Rather than fixating on the purely visual, for the design of Elizabeth II, a wooded retreat in the Hamptons resort town of Amagansett, N.Y., the team at Bates Masi + Architects explored the relationship between space and sound. Extensive research in architectural acoustics fueled a relationship among materials, details, and structure to create a house that is, essentially, a living instrument.
The structure is composed of a parallel series of cedar panels and a thick layer of concrete poured over insulated foam. The stratification diffracts approaching sound waves and casts an acoustic shadow over the home to keep its gathering spaces quiet.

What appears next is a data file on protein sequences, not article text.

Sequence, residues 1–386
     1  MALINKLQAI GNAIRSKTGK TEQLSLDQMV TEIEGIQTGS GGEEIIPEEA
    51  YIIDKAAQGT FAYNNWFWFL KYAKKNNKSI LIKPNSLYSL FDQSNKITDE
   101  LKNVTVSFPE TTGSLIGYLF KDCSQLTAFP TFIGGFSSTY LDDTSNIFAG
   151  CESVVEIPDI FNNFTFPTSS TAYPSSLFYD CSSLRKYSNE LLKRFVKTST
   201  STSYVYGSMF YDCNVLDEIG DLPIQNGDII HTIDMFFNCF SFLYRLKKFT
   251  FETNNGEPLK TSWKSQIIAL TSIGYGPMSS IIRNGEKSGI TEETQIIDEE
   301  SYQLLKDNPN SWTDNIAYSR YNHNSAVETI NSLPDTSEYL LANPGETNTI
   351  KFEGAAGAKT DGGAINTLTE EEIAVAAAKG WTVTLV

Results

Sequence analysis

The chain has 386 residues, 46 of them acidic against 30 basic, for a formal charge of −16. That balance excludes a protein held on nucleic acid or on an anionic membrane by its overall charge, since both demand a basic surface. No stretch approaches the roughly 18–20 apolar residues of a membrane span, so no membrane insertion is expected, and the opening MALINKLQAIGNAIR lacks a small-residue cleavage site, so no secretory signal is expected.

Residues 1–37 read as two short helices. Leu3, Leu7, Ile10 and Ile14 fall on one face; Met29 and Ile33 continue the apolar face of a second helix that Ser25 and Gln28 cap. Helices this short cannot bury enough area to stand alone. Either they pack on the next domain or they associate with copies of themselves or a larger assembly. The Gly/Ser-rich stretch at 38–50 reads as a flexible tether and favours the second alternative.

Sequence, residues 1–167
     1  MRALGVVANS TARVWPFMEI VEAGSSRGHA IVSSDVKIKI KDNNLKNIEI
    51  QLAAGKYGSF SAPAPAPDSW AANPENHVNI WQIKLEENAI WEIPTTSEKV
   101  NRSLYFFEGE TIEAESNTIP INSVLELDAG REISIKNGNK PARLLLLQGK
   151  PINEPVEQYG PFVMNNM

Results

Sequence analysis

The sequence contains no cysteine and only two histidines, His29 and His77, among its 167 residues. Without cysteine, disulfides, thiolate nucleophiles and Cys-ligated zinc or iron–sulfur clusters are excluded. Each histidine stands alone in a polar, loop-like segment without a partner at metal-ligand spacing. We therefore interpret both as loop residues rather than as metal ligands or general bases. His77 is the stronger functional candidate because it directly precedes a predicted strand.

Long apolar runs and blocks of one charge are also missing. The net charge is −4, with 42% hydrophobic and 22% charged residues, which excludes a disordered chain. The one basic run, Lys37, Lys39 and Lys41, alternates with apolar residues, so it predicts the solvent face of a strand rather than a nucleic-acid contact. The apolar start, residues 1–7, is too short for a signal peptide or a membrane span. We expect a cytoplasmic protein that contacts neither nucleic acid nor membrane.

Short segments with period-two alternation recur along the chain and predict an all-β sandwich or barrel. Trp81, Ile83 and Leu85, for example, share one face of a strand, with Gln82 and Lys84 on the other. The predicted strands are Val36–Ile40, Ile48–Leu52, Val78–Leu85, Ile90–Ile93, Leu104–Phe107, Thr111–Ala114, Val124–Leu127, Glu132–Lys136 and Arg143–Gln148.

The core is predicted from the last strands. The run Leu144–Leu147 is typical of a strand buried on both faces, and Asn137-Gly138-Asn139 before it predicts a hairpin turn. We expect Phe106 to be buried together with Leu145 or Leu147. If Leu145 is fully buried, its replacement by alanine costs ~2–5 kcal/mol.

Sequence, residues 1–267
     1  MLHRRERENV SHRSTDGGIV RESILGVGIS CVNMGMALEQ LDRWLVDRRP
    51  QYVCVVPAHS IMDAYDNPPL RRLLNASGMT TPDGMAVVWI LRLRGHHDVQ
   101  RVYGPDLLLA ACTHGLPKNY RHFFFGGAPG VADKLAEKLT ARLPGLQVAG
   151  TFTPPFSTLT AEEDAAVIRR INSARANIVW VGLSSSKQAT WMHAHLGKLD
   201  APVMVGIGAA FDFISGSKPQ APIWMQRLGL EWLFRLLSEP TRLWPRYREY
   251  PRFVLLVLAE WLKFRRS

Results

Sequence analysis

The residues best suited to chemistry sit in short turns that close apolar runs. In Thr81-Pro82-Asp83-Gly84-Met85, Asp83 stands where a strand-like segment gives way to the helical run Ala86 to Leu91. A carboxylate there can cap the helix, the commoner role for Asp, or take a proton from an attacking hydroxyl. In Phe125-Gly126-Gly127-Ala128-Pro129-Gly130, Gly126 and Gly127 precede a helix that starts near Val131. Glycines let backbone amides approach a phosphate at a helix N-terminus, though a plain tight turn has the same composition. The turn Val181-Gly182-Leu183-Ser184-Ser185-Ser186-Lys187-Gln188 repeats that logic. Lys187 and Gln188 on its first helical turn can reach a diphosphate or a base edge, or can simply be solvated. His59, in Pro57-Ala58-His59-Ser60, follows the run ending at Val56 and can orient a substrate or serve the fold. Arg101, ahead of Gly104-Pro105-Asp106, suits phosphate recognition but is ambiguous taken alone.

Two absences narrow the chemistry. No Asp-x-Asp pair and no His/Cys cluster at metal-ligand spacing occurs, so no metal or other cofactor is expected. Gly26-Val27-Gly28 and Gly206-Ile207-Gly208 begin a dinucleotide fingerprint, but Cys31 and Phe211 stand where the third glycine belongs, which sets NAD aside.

Custom-designed stainless steel clips attach the siding to the structure and offer flexibility against the material's natural expansion and contraction through freeze/thaw cycles. Inside, the clips double as robe hooks and cabinet pulls, allowing for further “tuning” of the boards with an adjustable spring mechanism that controls the amount of space through which the sound waves pass. The central staircase also plays along, tapering in thickness, and thus varying the pitch heard with each footfall. — Leah Demirjian